Well-known in the local music community, singer Michael Heggedus, who fronted the Nightmare: A Tribute to Alice Cooper, passed away last night unexpectedly due to a heart attack. He was only 45 years old. He's survived by his wife Helen. You can read the obituary here. A memorial fund was started to collect money to help Helen cover funeral expenses.
“Mike was a longtime listener to my radio show ['Metal on Metal'],” says Auburn Records owner and WJCU DJ Bill Peters. “He was an avid heavy metal/hard rock fan and collector too. I have known him for many years. My daughter Lily and I would see the Nightmare regularly. The band played my fiftieth birthday party at the Maple Grove a couple of years ago. I am still in shock. The news hit me hard this morning. I am really going to miss this guy. I loved talking music with him. He was very well-versed and knowledgeable. He touched so many people's lives in a positive way through his music and was genuinely a great person. My thoughts and prayers go out to Michael's family and friends he left behind. A very sad day for all of us.”
The Nightmare came together in 2007 after Heggedus and Michael McCollum, acquaintances from other bands, met at a club.
“He was always friendly,” says McCollum when asked about how he initially put the band together with Heggedus, Angelo Incorvia and Sean Furlong. “We talked about different bands and discovered we both had an appreciation of Alice Cooper.”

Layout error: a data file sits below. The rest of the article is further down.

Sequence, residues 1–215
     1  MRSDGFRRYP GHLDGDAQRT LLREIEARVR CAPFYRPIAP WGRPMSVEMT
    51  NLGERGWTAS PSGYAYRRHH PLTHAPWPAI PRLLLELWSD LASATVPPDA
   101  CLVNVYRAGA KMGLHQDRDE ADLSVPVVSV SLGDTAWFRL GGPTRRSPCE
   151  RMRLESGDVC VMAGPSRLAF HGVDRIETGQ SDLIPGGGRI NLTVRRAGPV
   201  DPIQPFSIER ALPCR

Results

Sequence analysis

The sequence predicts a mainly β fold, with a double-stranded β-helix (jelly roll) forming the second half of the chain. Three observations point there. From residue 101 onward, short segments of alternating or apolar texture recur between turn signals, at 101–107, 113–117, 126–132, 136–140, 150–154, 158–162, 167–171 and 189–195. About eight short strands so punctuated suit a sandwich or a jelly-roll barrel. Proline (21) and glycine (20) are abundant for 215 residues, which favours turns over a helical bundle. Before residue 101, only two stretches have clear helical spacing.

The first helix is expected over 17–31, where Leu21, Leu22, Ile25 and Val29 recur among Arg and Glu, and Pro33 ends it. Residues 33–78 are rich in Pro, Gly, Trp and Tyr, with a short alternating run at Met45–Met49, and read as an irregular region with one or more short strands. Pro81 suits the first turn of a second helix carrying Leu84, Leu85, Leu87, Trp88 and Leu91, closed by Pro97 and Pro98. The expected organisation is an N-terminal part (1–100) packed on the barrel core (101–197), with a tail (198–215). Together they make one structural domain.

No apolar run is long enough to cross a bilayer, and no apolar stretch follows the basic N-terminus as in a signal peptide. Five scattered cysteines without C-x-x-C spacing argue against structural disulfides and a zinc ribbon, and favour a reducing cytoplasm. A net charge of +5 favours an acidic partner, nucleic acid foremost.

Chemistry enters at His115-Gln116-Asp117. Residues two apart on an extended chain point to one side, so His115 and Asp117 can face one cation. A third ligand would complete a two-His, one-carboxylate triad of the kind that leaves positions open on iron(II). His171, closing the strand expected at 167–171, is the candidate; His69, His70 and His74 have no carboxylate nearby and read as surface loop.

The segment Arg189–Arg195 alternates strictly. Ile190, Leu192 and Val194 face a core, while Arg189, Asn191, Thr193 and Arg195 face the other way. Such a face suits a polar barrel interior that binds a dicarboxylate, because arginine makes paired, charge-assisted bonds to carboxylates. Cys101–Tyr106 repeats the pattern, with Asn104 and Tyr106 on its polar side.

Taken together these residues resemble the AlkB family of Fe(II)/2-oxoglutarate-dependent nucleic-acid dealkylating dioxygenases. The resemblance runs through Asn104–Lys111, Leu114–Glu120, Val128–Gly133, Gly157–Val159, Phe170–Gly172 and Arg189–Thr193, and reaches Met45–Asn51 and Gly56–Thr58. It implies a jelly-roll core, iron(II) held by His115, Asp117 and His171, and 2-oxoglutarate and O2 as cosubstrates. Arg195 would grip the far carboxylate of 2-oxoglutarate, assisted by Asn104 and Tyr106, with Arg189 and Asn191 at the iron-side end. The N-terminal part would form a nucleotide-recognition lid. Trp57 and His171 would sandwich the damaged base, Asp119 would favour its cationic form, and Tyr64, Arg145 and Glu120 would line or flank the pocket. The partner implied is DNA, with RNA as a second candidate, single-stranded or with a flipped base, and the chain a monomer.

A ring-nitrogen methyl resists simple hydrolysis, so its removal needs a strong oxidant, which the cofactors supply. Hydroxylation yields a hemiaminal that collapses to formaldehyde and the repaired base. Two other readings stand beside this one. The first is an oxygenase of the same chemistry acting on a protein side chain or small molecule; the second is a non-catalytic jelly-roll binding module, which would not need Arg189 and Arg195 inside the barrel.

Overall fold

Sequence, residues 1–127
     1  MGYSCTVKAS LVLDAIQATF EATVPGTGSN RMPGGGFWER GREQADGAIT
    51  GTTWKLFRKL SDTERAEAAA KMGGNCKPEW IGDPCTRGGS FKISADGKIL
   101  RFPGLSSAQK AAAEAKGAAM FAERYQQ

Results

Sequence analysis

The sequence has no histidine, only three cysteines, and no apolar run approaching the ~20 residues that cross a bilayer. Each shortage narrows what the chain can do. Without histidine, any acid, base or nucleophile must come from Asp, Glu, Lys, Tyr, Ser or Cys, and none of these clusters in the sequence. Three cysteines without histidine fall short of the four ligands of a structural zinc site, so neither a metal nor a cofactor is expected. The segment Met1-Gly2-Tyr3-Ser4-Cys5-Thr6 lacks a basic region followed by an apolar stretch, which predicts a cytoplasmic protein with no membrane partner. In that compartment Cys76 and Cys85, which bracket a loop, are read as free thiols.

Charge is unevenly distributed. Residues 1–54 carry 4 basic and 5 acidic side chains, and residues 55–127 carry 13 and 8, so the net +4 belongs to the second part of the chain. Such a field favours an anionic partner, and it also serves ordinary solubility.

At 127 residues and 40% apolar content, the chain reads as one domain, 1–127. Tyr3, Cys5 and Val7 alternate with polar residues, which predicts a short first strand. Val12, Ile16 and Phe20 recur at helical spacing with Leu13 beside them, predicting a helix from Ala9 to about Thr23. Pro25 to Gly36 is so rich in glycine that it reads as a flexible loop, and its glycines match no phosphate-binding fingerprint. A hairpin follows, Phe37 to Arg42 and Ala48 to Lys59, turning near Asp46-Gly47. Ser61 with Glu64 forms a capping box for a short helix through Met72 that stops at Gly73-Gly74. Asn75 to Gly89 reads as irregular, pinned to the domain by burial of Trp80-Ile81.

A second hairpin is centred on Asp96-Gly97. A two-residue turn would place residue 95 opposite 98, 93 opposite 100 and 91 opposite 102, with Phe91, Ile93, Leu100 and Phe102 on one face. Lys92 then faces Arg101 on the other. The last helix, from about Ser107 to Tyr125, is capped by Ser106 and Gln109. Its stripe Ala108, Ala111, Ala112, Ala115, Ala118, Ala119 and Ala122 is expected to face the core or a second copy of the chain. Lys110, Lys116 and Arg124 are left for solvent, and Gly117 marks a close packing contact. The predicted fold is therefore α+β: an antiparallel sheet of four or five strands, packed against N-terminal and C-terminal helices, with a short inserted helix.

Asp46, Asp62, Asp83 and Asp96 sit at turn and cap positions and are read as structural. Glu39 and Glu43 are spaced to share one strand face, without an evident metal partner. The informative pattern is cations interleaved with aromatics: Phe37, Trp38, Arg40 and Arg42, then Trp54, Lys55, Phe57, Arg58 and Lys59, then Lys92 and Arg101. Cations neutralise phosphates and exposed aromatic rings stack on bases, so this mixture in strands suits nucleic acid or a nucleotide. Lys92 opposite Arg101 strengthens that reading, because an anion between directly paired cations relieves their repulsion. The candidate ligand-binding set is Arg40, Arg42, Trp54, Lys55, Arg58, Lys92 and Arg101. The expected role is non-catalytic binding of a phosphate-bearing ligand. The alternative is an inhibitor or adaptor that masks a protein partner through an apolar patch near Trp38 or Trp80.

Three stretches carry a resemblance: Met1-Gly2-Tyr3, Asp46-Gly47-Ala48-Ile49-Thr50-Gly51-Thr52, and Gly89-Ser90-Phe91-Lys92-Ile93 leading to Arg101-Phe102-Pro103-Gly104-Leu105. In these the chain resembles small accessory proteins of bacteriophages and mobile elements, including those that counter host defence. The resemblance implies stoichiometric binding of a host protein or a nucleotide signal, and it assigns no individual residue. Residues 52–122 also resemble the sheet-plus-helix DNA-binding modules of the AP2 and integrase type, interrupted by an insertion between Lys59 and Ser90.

The band had 40 to 50 Cooper songs in its repertoire and played 80 shows during its run. It even headlined the Akron Civic Theatre on one occasion. According to McCollum, Heggedus, who also fronted Iron Maiden and Cheap Trick tribute acts, really enjoyed the theatrical nature of the performances.
“For every gig we did, he wore 15 to 20 Alice Cooper T-shirts and would do costume changes," says McCollum. "I've been in bands for years but I've never been in a band with someone so committed to changing outfits and visuals."
Here's a promotional video that Heggedus did for the Exchange. Our condolences go out to his family and friends.
We welcome readers to submit letters regarding articles and content in Cleveland Scene. Letters should be a minimum of 150 words, refer to content that has appeared on Cleveland Scene, and must include the writer's full name, address, and phone number for verification purposes. No attachments will be considered. Writers of letters selected for publication will be notified via email. Letters may be edited and shortened for space.
Support Local Journalism.
Join the Cleveland Scene Press Club
Local journalism is information. Information is power. And we believe everyone deserves access to accurate independent coverage of their community and state. Our readers helped us continue this coverage in 2020, and we are so grateful for the support.
Help us keep this coverage going in 2021. Whether it's a one-time acknowledgement of this article or an ongoing membership pledge, your support goes to local-based reporting from our small but mighty team.